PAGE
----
Each week, TODAY’s long-running Big Read series delves into the trends and issues that matter. This week, we look at Singapore’s falling domestic recycling rate and how it can be boosted. This is a shortened version of the full feature, which can be found here.
SINGAPORE — Property agent Rose Tan throws her domestic waste in the designated blue recycling bins below her flat two to three times a day.
“Things like metal cans can be remade into something else, and they’re very useful for us. Why waste it?” said the 75-year-old.
Other residents in several housing estates whom TODAY spoke to last week also said that they make it a point to dispose of their waste materials in the blue bins below their flats for recycling.
They represent a growing number of Singaporeans who are aware of the virtues of recycling, widely regarded as a key solution to the ever-growing mountain of rubbish around the world.
Still, despite such awareness, the recycling rate for domestic waste — from households and premises such as schools and hawker centres — in Singapore has fallen in the last five years.
According to NEA statistics, the domestic recycling rate stood at 12 per cent last year, the lowest level in over a decade, and down from 22 per cent in 2018 and 13 per cent in 2021.
In response to TODAY’s queries, NEA said that the amount of paper and cardboard recycled has been lower since 2018 due to weaker demand from export markets and high freight costs.
Currently, all of Singapore’s paper and textile recyclables are exported for recycling.
E-commerce and online shopping has also led to an increase in paper and cardboard being disposed of, further reducing the recycling rate for these materials, said an NEA spokesperson.
THE BIG PICTURE
The drop in domestic recycling rate here coincides with external factors affecting the export of recyclable waste.
China, once the world’s largest importer of recyclable waste, banned the import of certain recyclable materials in 2018, including mixed paper and mixed plastics.
The ban, which followed several other regulations in the preceding years, was an attempt to curb the increasing amount of contaminated material that was clogging up the country’s material processing facilities.
Besides China, other countries such as Indonesia and Malaysia have also tightened their requirements for recycling waste imports. This has affected recyclable waste exports globally.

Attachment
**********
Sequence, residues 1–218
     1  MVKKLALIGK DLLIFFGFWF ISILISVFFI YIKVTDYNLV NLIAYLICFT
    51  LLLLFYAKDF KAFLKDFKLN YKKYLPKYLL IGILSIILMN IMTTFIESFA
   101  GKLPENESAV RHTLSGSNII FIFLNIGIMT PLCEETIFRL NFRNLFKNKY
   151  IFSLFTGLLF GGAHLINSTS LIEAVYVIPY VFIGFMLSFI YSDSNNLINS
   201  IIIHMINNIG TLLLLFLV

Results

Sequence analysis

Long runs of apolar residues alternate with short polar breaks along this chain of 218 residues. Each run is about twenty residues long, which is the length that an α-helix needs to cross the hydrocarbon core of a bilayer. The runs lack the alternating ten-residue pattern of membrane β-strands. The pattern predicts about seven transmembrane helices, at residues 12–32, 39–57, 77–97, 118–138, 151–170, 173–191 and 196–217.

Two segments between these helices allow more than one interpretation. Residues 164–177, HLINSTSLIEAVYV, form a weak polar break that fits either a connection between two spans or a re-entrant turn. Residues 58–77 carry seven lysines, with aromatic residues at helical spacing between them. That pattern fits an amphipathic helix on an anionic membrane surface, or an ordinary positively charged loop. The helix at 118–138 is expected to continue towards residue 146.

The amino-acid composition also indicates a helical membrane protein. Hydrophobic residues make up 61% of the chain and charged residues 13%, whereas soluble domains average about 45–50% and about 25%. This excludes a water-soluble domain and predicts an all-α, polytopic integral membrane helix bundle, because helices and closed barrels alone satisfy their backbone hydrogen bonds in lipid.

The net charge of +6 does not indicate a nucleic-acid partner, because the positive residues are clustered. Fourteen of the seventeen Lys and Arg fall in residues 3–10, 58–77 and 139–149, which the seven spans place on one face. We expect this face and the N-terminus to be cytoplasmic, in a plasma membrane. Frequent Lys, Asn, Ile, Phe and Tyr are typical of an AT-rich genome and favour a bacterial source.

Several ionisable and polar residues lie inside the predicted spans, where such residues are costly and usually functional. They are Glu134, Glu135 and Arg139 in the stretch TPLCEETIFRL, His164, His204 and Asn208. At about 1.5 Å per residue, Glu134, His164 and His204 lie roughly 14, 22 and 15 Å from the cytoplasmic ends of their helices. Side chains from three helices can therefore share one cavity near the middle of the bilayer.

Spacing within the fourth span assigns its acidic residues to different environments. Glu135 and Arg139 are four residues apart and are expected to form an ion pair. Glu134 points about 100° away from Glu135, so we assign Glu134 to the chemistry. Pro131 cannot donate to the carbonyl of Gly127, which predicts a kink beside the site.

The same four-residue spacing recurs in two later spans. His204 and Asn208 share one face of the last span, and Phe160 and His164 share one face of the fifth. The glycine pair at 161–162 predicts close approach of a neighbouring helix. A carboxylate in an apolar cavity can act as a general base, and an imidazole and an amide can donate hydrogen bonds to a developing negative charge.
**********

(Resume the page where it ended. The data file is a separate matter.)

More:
In Singapore, the amount of recyclable waste exported between 2015 and 2019 had also dropped steadily.
According to publicly available data, in 2015, 1,889,000 tonnes of recyclable waste were exported. This amounted to 41 per cent of Singapore’s total waste recycled that year.
In 2019, 1,439,000 tonnes of recyclable waste were exported, corresponding to 34 per cent of Singapore’s total waste recycled that year.
NEA had previously said that this waste was exported to countries including Australia, China, India, Indonesia, Malaysia, South Korea and Thailand for processing and recycling.
There is no publicly available data for subsequent years.
TODAY has asked the NEA and Ministry of Sustainability and the Environment (MSE) for updated figures on the amount of recyclable waste, including domestic waste, exported.
Besides international regulations on exports, shipping costs have also gone up due to the pandemic.
According to the Freightos Baltic Index, a global index that tracks the prices of shipping containers for goods transported by sea, the shipping container rate stood at US$8,236 on May 13, 2022 and has since dropped to US$1,440 as of May 12 this year.
The pandemic has also impacted recycling at a more downstream level, said experts.
Ms Jen Teo, executive director of the Singapore Environment Council, said that one reason for the drop in domestic recycling rate could be due to “revenge-shopping”, “revenge-dining-out” and “revenge-travelling” which has led to “a phenomenal rise” in trash production.
“The correct sorting and disposal of recyclable materials may become more difficult as a result of the increased waste creation,” said Ms Teo.
The rise in e-commerce during the pandemic also saw the emergence of sophisticated packaging and filling to ensure the safety of products as they were transported.
The mix of biodegradable and non-biodegradable materials in these packaging also led to complexities in recycling them, said Ms Teo.
Another issue that plagues recycling in Singapore is the contamination of recyclable trash — 40 per cent of what goes into the blue bins cannot be recycled. The contamination rate has hovered at 40 per cent since 2018.
For domestic recycling, Singapore uses a single-stream recyclables collection system where every residential block is given a blue recycling bin for residents to use. All recyclable trash is then thrown into the bin and sorted centrally.
The authorities have justified this single-stream, or commingling approach, as one that helps to improve the recycling rate as it is more convenient for residents to recycle without having to sort their recyclables by material type.
Stickers are currently placed on the blue bins, indicating to residents what can and cannot be thrown inside. However, residents still throw in contaminating items, such as food and liquids, thus undermining the efforts of those who have recycled correctly.
“Recyclables that are contaminated by food or liquids cannot be recycled which makes them no different from general waste,” said Zero Waste SG, an non-governmental group advocating for zero-waste in Singapore. Despite being intended for recycling, these contaminated trash would be disposed of, incinerated and landfilled.